The Region: Let's not make a deal

It's easy to be a tough negotiator if you don't really want an agreement.

By BARRY RUBIN
October 7, 2007 21:48
4 minute read.
The Region: Let's not make a deal

ahmadinejad 224.88. (photo credit: AP [file])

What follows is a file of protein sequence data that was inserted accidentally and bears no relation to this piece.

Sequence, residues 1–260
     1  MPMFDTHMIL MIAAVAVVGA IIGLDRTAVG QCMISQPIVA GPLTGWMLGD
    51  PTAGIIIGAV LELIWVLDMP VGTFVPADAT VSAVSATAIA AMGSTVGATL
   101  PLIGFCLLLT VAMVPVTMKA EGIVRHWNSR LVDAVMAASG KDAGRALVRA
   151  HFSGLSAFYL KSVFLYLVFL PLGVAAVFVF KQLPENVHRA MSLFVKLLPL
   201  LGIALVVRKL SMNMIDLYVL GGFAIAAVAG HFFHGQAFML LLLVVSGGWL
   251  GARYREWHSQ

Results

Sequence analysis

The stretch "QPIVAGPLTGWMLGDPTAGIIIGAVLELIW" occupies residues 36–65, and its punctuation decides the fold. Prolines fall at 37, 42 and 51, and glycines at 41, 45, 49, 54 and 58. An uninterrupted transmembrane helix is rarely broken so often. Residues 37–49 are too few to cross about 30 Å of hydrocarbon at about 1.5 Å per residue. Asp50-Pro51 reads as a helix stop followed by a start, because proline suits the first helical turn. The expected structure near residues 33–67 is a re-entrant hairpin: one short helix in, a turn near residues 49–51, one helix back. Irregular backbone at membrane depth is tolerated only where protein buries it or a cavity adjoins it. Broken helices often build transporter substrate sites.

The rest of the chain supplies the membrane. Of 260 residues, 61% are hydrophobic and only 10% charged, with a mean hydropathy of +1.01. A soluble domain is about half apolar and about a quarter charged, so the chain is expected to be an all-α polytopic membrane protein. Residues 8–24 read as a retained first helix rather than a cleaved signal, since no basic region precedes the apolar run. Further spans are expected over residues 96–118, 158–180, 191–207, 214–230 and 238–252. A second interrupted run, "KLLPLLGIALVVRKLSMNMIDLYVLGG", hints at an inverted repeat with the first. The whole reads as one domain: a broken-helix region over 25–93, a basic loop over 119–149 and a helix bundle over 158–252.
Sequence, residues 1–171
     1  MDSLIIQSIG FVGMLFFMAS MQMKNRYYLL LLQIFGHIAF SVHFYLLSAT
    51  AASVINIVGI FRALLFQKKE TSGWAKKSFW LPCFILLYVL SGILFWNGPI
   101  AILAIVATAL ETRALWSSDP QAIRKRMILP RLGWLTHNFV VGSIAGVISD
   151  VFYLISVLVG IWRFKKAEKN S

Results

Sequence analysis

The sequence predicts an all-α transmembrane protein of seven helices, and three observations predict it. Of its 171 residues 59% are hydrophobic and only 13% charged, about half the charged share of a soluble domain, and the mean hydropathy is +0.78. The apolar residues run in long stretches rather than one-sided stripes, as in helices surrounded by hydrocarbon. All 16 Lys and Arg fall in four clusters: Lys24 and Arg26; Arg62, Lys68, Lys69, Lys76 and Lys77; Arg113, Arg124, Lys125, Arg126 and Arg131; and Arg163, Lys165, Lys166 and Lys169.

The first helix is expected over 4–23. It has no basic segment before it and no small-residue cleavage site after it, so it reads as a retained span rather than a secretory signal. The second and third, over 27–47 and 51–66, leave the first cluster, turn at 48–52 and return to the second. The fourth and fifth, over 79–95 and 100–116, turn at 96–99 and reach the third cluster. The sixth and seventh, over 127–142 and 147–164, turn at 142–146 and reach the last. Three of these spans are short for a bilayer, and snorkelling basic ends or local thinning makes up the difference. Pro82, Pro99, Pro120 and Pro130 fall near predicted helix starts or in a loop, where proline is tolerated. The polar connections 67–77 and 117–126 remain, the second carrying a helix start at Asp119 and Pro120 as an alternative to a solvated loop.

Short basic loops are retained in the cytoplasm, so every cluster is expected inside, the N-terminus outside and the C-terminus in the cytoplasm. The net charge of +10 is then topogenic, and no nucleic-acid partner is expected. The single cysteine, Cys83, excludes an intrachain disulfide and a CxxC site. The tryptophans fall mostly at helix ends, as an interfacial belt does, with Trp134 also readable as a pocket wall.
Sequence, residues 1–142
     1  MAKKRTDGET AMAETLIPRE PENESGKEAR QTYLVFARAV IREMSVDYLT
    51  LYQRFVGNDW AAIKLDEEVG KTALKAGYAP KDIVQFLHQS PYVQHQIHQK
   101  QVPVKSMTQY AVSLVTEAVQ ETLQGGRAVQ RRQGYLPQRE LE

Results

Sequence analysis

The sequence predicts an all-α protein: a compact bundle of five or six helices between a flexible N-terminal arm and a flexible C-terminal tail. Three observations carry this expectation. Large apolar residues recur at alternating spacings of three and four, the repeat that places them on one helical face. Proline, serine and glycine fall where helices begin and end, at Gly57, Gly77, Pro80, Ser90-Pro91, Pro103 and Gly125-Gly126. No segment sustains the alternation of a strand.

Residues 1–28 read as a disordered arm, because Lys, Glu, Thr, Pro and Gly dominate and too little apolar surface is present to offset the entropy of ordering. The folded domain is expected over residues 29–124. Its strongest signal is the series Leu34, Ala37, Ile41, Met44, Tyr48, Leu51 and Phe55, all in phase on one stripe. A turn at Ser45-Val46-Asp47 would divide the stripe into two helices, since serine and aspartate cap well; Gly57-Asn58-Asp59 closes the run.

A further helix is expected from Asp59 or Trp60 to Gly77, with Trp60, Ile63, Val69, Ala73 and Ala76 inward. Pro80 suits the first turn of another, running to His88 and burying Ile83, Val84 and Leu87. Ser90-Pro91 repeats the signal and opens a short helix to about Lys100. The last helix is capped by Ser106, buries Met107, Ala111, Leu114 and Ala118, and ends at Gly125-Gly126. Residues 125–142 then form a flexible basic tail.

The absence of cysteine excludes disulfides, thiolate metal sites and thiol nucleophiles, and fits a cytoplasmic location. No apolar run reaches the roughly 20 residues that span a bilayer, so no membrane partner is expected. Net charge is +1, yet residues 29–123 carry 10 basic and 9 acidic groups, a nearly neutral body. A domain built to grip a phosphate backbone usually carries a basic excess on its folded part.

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Quick! Tell me. Who's desperate to make a deal? Who acts as if they are the weaker party, eager to negotiate solutions in order to end their people's suffering and the costs of conflict? Certainly not Iran. It has been pushing ahead with its nuclear program for more than three years during a period of intense Western diplomatic effort, lots of talk about sanctions, and even the implementation of some. Iran is indifferent to threats of attack or warnings of isolation. To a large extent - but not completely - the regime thinks the West is bluffing. But if Teheran really sought nuclear energy, not bombs, it could easily cooperate and have power stations in operation far faster. And if Iran was really acting out of fear of being surrounded by American power, it could help resolve the conflicts in Afghanistan and Iraq - instead of inflaming them - in exchange for US forces withdrawing more quickly. Certainly not Syria. It could have the Golan Heights if it wanted, in exchange for full peace and an end to sponsoring terrorism against Israel. It could greatly expand Western economic investment and aid in exchange for acting more moderately. But Damascus is happy to wait until it gets precisely the terms it wants: everything for nothing. Certainly not Hamas. It is unwilling to make more than the most minor rhetorical cosmetic changes. If the Gaza Strip is suffering through sanctions, there is plenty of money for its gunmen and propaganda outlets. It would rather wait for decades and the hope of destroying Israel. Certainly not the Palestinian Authority. With Fatah potentially on its deathbed, it goes on with all the old corruption, incompetence and demands. Fatah is happy to take foreign aid, diplomatic support and prisoners released by Israel. But Fatah is quite happy to live with "occupation," then make a deal and get an independent state. Certainly not the Iraqi insurgents. Their whole strategy is to wear the Americans down into leaving. They are indifferent to how many of their own Sunni Muslims die, or how much wreckage they do to Iraq's society and economy. Being a terrorist means never having to say you're sorry. ON THE OTHER side, however, matters are different. Let's make it clear: The West is more concerned over the suffering of Arabs than the Arabs' own governments or leaders. The West is desperate to get the Palestinians a state, while both Hamas and Fatah want only an independent country on their own terms, no matter how many dead bodies and material suffering that requires. Hamas wants total victory and Israel's eradication; most of Fatah merely wants an agreement to move that dream closer to reality. Why is this? Because they: • think they are winning; • fail to comprehend the concept of compromise; • embrace a culture of patience in which steadfastness wins versus what they perceive to be a Western culture of instant gratification; • use militancy as a demagogic substitute for peace or prosperity, a reason why the dictator must be supported and the terrorist is a hero; • understand that he who says no gains bargaining leverage; • hold such extreme goals that they cannot be satisfied by any conceivable deal with Israel, America, or the West. But why, then, is the West in general so desperate when it is doing pretty well and the other side is basically losing and losing out? There are many reasons for this also. Some are eager to show their willingness to make a deal in order to keep their allies happy. Thus, Israel's government has to keep the US and Europe satisfied that it is doing its best. The US government wants to show the Europeans, Arab states and its own voting public that it is trying to conciliate enemies and resolve conflicts. THEN THERE is the fact that much of the West is genuinely afraid of war and violence. It has more to lose, after all. And it often does not understand extremism or the role ideology plays, thinking that soft words turn away wrath and you catch more flies with honey than with vinegar. It expects that the militants can be bought off with money, power or happiness (material gain). It assumes that the Palestinian leadership will be grateful if it is given a state, when it wants to be given all of Israel; that Iran merely need feel secure from US power, when it wants to throw America out of the region; that the Iraqi insurgents want more of a voice for the Sunni minority, when they want to chop the head off the Shi'ite majority; or that Syria just wants the Golan Heights when it desires Lebanon enslaved and Israel destroyed. Or that the Muslim Brotherhood wants a reformed democratic state when it prays for an Islamist theocracy. Meet those demands, Mr. Diplomat. THERE IS greed as well, all the cash made from commerce. Sometimes, too, there is a sense of being on the same side as the supposed "enemy," that is, because they hate their own cultures and countries, the Americans, or the Jews. OK, but that leaves one more question: Why, then, don't the radicals win if their strategy is so good? Here's one reason. As Kenny Rogers sang in "The Gambler," you have to know when to hold 'em; know when to fold 'em. A good poker player understands when to end the game and collect his winnings. Instead, all the forces listed above just demand more and more without delivering on their own promises until even the biggest suckers among Western governments and politicians learn the lesson. (OK, that's being over-optimistic. Many never do learn, but at least they give up for a while.) So this partly brilliant strategy brings little return. Yet there are very good reasons why Western efforts at engagement are never followed by marriage, and why endless confidence-building measures, peace plans, aid packages, summit conferences, apologies and all the rest keep failing. The writer is director of the Global Research in International Affairs Center at IDC Herzliya and editor of the Middle East Review of International Affairs.